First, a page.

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A tandem CBM25 domain of α-amylase from Microbacterium aurum as potential tool for targeting proteins to starch granules during starch biosynthesis
- Huang, Xing-Feng, Nazarian, Farhad, Vincken, Jean-Paul, Visser, RichardG. F., Trindade, LuisaM.
- BMC biotechnology 2017 v.17 no.1 pp. 86
- Microbacterium aurum, adverse effects, alpha-amylase, amylose, biosynthesis, carbohydrate binding, cultivars, engineering, fibronectins, granules, modified starch, mutants, physicochemical properties, potatoes, starch granules, tubers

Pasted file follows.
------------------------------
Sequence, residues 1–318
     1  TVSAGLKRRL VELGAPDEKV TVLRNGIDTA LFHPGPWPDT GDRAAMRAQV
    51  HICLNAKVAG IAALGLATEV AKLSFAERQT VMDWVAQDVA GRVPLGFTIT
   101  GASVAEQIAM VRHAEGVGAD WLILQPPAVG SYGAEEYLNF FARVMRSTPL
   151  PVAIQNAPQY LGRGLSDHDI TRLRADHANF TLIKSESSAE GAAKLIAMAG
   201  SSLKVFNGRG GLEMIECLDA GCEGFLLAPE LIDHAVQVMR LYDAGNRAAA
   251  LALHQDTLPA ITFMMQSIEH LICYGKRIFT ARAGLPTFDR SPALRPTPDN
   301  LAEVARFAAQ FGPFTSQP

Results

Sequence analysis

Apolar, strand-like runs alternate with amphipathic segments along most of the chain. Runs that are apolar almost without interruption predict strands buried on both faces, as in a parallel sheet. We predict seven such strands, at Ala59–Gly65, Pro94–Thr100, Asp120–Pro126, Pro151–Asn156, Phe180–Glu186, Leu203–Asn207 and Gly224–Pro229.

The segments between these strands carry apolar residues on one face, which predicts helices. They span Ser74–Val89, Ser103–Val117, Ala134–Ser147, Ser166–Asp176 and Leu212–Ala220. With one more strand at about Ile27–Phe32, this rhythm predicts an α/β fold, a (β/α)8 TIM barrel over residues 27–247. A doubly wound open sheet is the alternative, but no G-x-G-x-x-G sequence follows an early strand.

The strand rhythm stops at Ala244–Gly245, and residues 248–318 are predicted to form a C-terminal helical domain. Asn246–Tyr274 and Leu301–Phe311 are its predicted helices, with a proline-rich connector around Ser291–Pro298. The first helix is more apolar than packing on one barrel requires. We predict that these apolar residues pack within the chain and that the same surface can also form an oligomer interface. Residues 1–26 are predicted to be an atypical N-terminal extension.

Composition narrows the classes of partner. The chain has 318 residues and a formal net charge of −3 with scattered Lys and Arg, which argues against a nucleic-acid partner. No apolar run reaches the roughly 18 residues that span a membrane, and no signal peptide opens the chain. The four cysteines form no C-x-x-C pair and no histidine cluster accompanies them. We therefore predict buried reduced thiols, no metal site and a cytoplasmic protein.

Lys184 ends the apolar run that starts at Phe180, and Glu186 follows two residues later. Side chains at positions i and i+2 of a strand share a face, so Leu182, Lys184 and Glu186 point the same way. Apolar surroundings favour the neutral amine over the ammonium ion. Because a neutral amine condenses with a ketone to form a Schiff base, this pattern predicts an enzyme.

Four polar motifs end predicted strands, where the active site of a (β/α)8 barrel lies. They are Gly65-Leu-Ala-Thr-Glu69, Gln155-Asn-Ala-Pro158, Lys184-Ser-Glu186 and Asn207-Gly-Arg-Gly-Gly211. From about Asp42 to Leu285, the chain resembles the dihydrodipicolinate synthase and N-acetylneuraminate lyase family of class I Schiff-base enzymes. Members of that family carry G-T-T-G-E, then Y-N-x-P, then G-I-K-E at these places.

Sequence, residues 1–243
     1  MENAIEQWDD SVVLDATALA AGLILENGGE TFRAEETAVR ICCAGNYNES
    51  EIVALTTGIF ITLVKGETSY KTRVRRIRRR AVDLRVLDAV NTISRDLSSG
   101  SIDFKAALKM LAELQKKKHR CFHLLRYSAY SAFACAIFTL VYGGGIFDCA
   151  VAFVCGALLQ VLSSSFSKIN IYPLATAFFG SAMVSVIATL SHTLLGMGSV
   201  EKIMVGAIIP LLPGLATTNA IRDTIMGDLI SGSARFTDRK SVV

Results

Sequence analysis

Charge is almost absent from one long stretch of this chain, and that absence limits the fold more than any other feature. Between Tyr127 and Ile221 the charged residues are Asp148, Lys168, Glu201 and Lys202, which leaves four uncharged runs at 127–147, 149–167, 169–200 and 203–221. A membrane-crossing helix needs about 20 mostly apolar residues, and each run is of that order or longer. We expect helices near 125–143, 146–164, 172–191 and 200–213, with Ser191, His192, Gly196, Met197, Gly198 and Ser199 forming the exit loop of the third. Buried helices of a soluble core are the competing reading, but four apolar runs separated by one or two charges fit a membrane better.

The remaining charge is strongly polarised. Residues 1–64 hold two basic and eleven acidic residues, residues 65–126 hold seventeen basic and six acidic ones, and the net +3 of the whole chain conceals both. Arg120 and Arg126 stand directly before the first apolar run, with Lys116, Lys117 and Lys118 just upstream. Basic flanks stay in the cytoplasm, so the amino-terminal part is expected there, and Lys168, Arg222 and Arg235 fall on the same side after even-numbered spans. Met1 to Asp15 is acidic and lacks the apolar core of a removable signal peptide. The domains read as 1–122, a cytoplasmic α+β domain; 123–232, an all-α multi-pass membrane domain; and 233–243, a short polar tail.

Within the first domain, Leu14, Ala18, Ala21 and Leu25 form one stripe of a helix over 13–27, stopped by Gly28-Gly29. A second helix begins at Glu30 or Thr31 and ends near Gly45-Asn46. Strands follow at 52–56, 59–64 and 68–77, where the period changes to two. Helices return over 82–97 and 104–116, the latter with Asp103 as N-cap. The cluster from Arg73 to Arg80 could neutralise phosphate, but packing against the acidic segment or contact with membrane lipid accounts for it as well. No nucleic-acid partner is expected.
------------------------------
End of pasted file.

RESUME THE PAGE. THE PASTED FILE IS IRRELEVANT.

- BACKGROUND: Starch-binding domains from carbohydrate binding module family 20 have been used as a tool for starch engineering. Previous studies showed that expression of starch binding domain fusion proteins in planta resulted in modified starch granule structures and physicochemical properties. However, although 13 carbohydrate binding module families have been reported to contain starch-binding domains, only starch-binding domains from carbohydrate binding module family 20 have been well studied and introduced into plants successfully. In this study, two fragments, the tandem CBM25 domain and the tandem CBM25 with multiple fibronectin type III (FN3) domains of the α-amylase enzyme from Microbacterium aurum, were expressed in the tubers of a wild type potato cultivar (cv. Kardal) and an amylose-free (amf) potato mutant. RESULTS: The (CBM25)₂ and FN3 protein were successfully accumulated in the starch granules of both Kardal and amf transformants. The accumulation of (CBM25)₂ protein did not result in starch morphological alterations in Kardal but gave rise to rough starch granules in amf, while the FN3 resulted in morphological changes of starch granules (helical starch granules in Kardal and rough surface granules in amf) but only at a very low frequency. The starches of the different transformants did not show significant differences in starch size distribution, apparent amylose content, and physico-chemical properties in comparison to that of untransformed controls. CONCLUSION: These results suggest that the starch-binding domains from carbohydrate binding module family 25 can be used as a novel tool for targeting proteins to starch granules during starch biosynthesis without side-effects on starch morphology, composition and properties.